The 68-year-old veteran is promising greater public spending to try to stimulate the economy - particularly in rural areas, where the party is traditionally strong.
hmm, 68, a catholic when there are something like 1-2% of Christians in Japan (feel free to update me on a 2008 statistic), brash, straight talking and has a love for manga (or did they mean anime I wonder)
But 68, wonder if he's keeping in touch with the rest of us
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Old 2008-09-22, 07:48   Link #35
Anh_Minh
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Straight talking conservative? Is he a maverick?

And by "adult manga cartoon", do they mean pron? 'cause that's a strange thing to be known for, for a politician.
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Old 2008-09-22, 13:04   Link #36
4Tran
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Originally Posted by Anh_Minh View Post
Straight talking conservative? Is he a maverick?
Not even close. Aso looks much more like a throwback trying to go back to the LDP's root support base of rural folks.

Quote:
Originally Posted by Anh_Minh View Post
And by "adult manga cartoon", do they mean pron? 'cause that's a strange thing to be known for, for a politician.
It probably means that he's a fan of manga like "Salaryman Kintaro"; in other words, works for older people. It's just unfortunate that "adult" now connotes "pornographic" in the minds of much of the English-speaking world.
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Old 2008-09-22, 15:50   Link #37
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It's official now, Aso Taro will be the next prime minister of Japan.

http://www.economist.com/world/asia/...=features_box1

I hope he calls a snap election so the LDP loses its two-thirds majority.
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Old 2008-09-22, 16:04   Link #38
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wait... he's Catholic and he's "one civilization, one culture, one race"????

Considering the rise in mixed marriages in Japan and foreign residency .... and the basic qualities of Shinto/Buddhism interwoven in the culture --- this should... prove interesting
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Old 2008-09-22, 22:30   Link #39
aohige
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Quote:
Originally Posted by X10A_Freedom View Post
Turns out I've consumed 3-6 litres of Yili milk in the past month. Shame as those milk are the tastierst ones we get here in Hong Kong.

Taro Aso wins the LDP leader vote by a landslide.
http://news.bbc.co.uk/2/hi/asia-pacific/7628495.stm


As a non-Japanese in Asia, I'm not looking forward what Taro Aso might do...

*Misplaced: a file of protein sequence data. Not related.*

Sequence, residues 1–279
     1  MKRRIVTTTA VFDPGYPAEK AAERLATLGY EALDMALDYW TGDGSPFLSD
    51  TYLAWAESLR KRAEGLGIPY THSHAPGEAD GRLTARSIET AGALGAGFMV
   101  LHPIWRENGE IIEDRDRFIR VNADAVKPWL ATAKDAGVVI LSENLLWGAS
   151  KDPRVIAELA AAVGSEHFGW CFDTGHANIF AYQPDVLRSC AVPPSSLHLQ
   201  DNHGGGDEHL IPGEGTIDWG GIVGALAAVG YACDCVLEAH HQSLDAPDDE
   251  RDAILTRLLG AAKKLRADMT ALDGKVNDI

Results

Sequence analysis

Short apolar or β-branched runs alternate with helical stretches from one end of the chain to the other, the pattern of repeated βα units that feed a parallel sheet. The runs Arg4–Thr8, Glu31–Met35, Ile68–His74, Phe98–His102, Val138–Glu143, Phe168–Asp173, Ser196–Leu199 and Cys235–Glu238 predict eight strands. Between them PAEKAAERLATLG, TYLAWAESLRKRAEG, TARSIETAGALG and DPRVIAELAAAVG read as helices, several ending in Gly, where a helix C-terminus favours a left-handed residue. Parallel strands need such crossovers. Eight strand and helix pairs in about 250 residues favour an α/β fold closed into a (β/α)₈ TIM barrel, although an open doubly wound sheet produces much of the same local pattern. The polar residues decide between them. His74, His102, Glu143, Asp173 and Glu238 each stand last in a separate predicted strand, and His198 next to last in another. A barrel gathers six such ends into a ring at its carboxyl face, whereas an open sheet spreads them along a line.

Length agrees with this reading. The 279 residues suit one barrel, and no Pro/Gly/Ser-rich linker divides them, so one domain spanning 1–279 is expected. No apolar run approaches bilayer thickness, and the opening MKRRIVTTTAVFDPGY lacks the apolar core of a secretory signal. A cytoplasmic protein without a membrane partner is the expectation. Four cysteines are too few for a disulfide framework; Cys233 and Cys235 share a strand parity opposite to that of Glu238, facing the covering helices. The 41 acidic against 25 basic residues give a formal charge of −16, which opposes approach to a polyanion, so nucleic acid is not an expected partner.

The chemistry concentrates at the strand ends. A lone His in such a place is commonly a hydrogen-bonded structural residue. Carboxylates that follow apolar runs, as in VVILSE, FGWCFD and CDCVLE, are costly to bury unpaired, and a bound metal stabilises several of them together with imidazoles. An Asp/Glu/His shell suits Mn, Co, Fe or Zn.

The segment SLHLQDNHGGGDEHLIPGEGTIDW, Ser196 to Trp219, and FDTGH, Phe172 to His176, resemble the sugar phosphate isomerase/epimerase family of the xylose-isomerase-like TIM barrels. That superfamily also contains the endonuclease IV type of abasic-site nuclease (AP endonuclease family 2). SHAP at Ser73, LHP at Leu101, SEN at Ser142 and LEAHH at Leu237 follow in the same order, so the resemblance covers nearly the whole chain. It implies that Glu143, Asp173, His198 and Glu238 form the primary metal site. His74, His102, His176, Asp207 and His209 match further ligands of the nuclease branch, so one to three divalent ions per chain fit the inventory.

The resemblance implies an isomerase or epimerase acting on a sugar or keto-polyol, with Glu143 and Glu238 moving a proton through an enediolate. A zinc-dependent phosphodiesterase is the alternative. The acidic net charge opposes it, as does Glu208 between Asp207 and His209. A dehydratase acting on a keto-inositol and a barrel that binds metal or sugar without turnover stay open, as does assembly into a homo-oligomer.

Ok, that line is taken way out of context it's not even funny.

He said "Japan is the only country that has had one culture, one civilization, one race, and one language" at the opening ceremony of a cultural museum in Kyushuu.
He did not state in any way, that that is his political goal. It was statement saying Japan has been, for the majority, only one culture in its history.
(In contrast to say, China which is compromised of various mixed east asian culture, race and language, and obviously the "melting pot" of the world America)

That statement is not entirely true, of course, since there were other cultures in Japan (and other nations with the same trait).
But majority of those predates the current Japanese culture, and it still doesn't change the fact that the country's history was comprosed in majority of one culture by a single race.
(the "sakoku" period during the modern times in 19th century no doubt attributed to it also, and postponed the modernization process)

There has been many media... especially in his opposition party and outside of Japan, that only quoated part of that line, to make it look like that was his political goal.
Political pandering makes me sick to the stomach.
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Last edited by aohige; 2008-09-22 at 22:45.
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Old 2008-09-22, 22:32   Link #40
Kang Seung Jae
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Quote:
Originally Posted by aohige View Post
He said "Japan is the only country that has had one culture, one civilization, one race, and one language".

The main reason I hate Aso. Seriously, those ultranationalists ignoring their relatives across the strait.